Below: Despite careful measurement and planning, completely forgetting the position of the rear centre support post and screw boss necessitated feeding the mixer module a half-bottle of cheap vodka so as to persuade it into place, albeit at a less-than-flattering angle.
The Rewards(?) for frugality.
I mentioned the variable quality (and I use this word advisedly) of the four PCBs I made from oldish scrap pieces of FR4 laminate. The CamMix board was by far the worst, and I show it below as a salutary reminder that ‘many a mickle, makes a muckle‘, and/or ‘look after the pennies, and the pounds will look after themselves‘, must be countered by remembering ‘you can’t make a silk purse out of a sow’s ear’!
Front & Rear Panels
These were done using FrontDesigner. The FPL files are included in the download section, together with high definition exports for those without access to FrontDesigner.
Power Supply 9-0-9 volts. The transformer I used is in the range from ESR
|Order Code||Specification||Price each (GB Pounds)|
|300-655||Encapsulated Transformer 0 – 9, 0 – 9V (2 x 278mA)||4.31|
ESR can also supply all ’standard’ components and materials for making PCBs, but do not stock SMD components.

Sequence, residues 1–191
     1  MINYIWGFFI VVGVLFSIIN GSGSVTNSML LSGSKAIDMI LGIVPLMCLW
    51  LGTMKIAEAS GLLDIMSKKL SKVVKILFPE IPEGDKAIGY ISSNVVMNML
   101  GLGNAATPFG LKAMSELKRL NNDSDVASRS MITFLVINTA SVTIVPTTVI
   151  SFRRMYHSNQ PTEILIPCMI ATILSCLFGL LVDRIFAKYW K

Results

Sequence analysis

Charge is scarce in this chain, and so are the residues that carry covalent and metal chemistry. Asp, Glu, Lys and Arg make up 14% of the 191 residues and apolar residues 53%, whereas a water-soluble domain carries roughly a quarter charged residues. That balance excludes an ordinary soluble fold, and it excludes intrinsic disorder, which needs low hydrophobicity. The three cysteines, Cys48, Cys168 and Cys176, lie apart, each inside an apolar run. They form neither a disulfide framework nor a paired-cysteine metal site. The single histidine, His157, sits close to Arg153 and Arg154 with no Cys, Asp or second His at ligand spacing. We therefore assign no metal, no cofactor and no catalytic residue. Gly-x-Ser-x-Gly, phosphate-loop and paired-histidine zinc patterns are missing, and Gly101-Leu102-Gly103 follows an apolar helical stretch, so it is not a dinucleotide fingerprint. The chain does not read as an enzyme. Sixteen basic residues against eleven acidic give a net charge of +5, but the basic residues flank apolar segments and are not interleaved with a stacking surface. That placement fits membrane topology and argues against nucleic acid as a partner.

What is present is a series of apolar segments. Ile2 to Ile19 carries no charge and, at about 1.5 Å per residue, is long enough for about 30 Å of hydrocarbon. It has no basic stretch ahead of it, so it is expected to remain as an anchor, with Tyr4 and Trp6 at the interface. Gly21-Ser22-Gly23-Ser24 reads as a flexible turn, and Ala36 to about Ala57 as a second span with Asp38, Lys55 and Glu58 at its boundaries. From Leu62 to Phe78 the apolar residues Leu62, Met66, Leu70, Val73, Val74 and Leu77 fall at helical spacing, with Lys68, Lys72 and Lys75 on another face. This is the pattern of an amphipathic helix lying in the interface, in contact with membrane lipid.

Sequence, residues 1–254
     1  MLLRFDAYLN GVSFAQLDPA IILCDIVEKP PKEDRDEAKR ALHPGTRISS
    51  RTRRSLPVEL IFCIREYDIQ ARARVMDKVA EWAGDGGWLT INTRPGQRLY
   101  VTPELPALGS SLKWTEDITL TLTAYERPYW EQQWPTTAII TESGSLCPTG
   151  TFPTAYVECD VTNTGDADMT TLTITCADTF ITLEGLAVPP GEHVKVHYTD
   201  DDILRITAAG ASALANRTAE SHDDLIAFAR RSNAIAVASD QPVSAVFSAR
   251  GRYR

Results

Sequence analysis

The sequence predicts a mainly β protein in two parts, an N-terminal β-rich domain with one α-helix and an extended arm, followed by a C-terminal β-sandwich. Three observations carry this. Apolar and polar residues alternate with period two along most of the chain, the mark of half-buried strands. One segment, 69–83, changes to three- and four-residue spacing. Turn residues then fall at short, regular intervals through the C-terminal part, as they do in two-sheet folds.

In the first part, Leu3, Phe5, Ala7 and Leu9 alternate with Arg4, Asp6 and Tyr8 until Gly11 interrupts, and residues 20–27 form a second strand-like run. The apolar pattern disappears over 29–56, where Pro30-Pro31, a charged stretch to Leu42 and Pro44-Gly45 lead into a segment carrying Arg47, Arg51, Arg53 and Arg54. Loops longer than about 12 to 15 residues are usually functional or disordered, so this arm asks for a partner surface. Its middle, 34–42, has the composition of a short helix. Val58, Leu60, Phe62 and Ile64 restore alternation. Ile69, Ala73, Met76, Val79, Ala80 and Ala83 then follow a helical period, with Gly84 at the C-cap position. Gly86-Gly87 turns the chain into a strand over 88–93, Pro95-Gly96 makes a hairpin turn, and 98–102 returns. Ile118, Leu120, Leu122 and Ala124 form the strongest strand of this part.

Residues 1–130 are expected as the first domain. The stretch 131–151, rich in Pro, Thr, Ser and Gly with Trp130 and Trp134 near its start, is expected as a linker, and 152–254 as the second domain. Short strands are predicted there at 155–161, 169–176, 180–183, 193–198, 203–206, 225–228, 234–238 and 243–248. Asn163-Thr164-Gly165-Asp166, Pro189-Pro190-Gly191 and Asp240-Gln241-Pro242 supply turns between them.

The Neutrik XLR/Jack Sockets used are type NCJ9FI-H (XLR/switching (normalling) stereo jack) and are available from RapidOnline and RS Components to name two suppliers. A PDF datasheet of this item is here: http://joebrown.org.uk/images/CamMix/NeutrikXLRSock.pdf
The jack sockets are widely available.
I used the small 16mm ‘commercial’ grade pots with splined 6mm shafts cut to size. These are reasonable in quality, and most importantly, small in size and readily available. The knobs to fit them were obtained from Technobots, who I am pleased to recommend for price, availability of a wide range of electronic and mechanical components, and who offer a timely and prompt service.
SMD resistors and capacitors are widely available as kits on ebay for a few pounds. (GBP) Both op-amps and comparators are available for a few pence each from RS components and Farnell, amongst others.
I used an ABS box obtained from ESR, type MB6 (Black ABS Case Order code 400-575) with the following dimensions: 220mm x 150mm x 64mm external. (8.67 inches X 5.9 inches X 2.5 inches)
Here are some free plugs for my suppliers:
Front & Rear Panels.
The FrontDesigner Front panel project is here: http://joebrown.org.uk/images/CamMix/CamMixFrontPanel.FPL
The FrontDesigner Rear panel project is here: http://joebrown.org.uk/images/CamMix/CamMixRearPanel.FPL
A full-size export of front panel is here: http://joebrown.org.uk/images/CamMix/CamMixFrontPanel_FullSize.JPG
A full-size export of rear panel is here: http://joebrown.org.uk/images/CamMix/CamMixRearPanel_FullSize.JPG
Printed Circuit Boards
Eagle files (Schematics & Boards) for the 5 modules are zipped up here: http://joebrown.org.uk/images/CamMix/CamMixEagleFiles.zip
Full size PNG exports of the schematics and top foils for each of the modules are zipped here: http://joebrown.org.uk/images/CamMix/CamMixSchematicandFoilsExports.zip